An Ecovillage in Bangladesh

Kurt Rhyner   

We traveled for about four hours from Dhaka , the capital and mega city (8 Millions of inhabitants) to the east. The main river of the country, which is up to five kilometers wide, we crossed by ferry, which was filled with many buses, trucks and people.

When we arrived at the “Ecovillage” we could feel the tranquility and the fresh air that we had missed after having travelled through this loud and contaminated country. At the modest hostel without electricity and run by pleasant people in an environment surrounded by forest and ponds for fish, a group of young people, wearing colorful clothes, moved from the dining room to the meeting area where they were receiving a course on empowerment.

Pavel, who is the secretary at the DUS Bangladesh, the NGO that promotes this kind of village, explained that since a couple of years the center is auto financed through renting the facilities to other NGOs for their courses, and also through the sale of the plants from the nursery. The forest is almost a hectare filled with many different kinds of trees, mostly for natural medicine, but also fruit and timber yielding trees. During a walk through the village inhabitated by 1200 people,, Pavel can't stop explaining the advantages of every tree and bush we see. It seems like I have never seen as many species in one single forest, and I don't know if its due to my general ignorance, but they assured me that it really is a broad variety which is cultivated here.

The Ecovillage concept was developed in Australia, and that is where Mondal Hakim, the founder of DUS did his postgraduate studies on management and design for an ecological wayof living. Back in Bangladesh he transformed his own village into this project toorganize a sustainable way of life in the three dimensions, ecology, economy and social. It is clear that the 307 families that live in the village generally enjoy a better life than in othervillages in Bangladesh, which according to official sources is one of the five poorest countries in the world. The majority of the families have started to use modern sustainable management to manage their own fields, such as crop rotation and variety of plants, instead of monocultures. The courses for social understanding and techniques seem to have a good impact.

When we visited the Micro Concrete Tile production workshop, which was started three years ago by EcoSouth consultant Marcelino Castro, we encountered a group of children on their way to the mosque, where they attend school. The workshop is working well, although it doesn't have a big enough market to work the entire year. But the workers (one of them is Hakim's brother) are really grateful for the opportunity of earning some extra money. Next week they will head to the north of the country to produce 8500 tiles for an architect.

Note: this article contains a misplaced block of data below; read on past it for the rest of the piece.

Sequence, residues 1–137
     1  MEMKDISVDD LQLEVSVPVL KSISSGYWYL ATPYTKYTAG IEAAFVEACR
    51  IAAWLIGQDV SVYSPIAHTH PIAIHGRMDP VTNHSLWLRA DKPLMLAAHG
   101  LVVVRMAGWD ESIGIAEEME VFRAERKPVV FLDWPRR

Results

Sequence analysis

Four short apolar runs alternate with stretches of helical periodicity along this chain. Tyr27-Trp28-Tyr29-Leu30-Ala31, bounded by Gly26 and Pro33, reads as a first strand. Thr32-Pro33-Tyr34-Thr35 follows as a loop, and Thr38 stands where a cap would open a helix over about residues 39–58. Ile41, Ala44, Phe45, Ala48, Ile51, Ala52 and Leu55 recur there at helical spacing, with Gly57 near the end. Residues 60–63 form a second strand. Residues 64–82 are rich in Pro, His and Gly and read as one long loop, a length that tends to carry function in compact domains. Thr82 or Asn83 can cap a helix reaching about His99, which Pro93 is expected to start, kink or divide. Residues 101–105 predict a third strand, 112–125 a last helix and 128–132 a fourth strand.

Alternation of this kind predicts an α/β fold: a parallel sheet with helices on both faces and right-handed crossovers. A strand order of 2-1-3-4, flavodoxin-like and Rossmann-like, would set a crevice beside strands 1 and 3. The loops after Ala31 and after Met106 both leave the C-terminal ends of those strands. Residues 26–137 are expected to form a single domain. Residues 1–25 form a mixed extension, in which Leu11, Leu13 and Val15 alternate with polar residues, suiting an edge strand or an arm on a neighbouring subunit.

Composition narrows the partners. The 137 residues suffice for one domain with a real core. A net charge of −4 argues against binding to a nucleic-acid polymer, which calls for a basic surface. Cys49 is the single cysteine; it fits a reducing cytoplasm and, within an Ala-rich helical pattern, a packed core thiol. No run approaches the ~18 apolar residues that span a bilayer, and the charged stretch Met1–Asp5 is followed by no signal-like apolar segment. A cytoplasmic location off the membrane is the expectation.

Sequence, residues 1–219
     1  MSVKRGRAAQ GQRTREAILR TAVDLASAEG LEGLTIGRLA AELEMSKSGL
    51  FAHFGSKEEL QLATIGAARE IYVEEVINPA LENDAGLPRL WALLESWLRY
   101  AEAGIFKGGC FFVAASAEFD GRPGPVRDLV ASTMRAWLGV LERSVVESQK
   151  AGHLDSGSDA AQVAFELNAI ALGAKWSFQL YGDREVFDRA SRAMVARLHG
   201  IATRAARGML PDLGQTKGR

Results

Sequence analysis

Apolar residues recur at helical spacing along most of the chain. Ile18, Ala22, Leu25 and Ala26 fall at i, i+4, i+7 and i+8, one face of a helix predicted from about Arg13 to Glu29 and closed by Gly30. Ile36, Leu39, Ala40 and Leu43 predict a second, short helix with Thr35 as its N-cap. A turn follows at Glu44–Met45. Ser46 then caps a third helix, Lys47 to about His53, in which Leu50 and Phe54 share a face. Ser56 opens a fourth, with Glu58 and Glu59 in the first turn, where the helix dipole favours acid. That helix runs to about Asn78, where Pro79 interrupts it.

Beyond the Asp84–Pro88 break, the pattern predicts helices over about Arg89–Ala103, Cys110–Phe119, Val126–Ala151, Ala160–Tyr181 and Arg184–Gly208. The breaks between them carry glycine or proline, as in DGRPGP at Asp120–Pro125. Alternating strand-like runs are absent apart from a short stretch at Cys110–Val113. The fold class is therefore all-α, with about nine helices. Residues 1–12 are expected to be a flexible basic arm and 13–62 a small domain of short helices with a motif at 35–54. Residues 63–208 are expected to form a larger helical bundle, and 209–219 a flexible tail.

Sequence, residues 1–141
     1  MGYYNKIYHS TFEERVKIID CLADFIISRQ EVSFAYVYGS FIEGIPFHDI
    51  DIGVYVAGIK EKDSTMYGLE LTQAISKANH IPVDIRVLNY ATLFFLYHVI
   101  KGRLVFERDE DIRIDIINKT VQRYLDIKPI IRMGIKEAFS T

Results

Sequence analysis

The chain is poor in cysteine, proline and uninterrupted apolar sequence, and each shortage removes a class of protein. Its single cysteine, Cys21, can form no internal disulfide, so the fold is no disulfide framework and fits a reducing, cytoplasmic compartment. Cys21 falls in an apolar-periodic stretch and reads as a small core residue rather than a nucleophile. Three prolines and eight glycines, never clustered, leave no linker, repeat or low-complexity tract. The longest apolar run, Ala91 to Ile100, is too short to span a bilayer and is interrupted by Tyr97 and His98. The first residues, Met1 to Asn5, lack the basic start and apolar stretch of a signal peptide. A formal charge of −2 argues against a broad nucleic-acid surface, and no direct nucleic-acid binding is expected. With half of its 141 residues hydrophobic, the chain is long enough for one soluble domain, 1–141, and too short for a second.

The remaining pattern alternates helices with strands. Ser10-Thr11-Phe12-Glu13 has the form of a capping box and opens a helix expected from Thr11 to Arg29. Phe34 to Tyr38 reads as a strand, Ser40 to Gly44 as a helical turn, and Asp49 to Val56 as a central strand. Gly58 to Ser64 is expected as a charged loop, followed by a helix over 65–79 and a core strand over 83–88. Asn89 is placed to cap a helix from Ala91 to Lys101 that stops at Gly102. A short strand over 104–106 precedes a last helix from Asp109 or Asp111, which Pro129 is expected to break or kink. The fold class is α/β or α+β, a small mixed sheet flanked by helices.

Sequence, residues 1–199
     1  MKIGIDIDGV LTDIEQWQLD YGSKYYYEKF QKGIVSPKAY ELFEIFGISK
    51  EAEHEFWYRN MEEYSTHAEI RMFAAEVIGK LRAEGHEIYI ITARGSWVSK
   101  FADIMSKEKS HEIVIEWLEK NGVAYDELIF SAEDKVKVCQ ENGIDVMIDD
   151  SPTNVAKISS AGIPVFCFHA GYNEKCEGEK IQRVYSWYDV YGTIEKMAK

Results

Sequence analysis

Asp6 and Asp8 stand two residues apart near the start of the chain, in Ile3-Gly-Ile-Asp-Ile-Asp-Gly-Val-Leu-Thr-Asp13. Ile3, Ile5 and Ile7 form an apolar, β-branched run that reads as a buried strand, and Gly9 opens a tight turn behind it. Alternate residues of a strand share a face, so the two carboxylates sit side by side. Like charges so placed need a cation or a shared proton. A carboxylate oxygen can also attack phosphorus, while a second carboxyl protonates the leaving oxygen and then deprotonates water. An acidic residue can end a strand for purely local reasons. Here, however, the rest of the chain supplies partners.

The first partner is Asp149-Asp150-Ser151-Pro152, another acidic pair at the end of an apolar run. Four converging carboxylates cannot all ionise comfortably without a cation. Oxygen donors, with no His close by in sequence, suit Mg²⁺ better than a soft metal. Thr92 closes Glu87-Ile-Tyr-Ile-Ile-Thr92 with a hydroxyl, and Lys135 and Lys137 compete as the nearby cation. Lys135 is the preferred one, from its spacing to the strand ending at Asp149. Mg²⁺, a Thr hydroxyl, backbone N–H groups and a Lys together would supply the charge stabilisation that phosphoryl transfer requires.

At this moment the Village nursery has tens of thousands of Neem tree plants, the tree which was named the “tree for the new millennium” by the United Nations. Hakim is also president of the Neem association, as well as a commercial company which produces multitudes of Neem based products-. They offer anything from soap, body lotions and medicines to insecticides. A couple of days later, when visiting a supermarket, we came across the Neem beauty line on a center shelf at the entrance.

It takes five to six years for the Neem tree to produce the first harvest of fruits and leafs, which are the base product, and after eight years there will be a regular harvest. The Ecovillage has received the rights to reforest an abandoned train track of 76 km length, a program that will give work and income to peasant families living along that route, while, at the same, it increases the availability of prime material for this ecological production.

Hakim gets enthusiastic when he talks and plans of a trip to the tea plantation, where they have used Neem based herbicides instead of chemical ones. He wants to convince the landowners to plant Neem and other trees that are good for natural medicine. His goal is to break the monoculture, that make it difficult to fight plagues. The next point would be to convince them to start producing Micro Concrete Tiles so they can offer their workers better housing. At the moment their houses are made from zinc, which is almost unbearable because of the great heat that exists during most of the year. The president of the “Tea Board”, the state organization that coordinates the activities for this important export product, is convinced of the idea.

You are here: Home Past editions Edition #3, April 2004 An Ecovillage in Bangladesh


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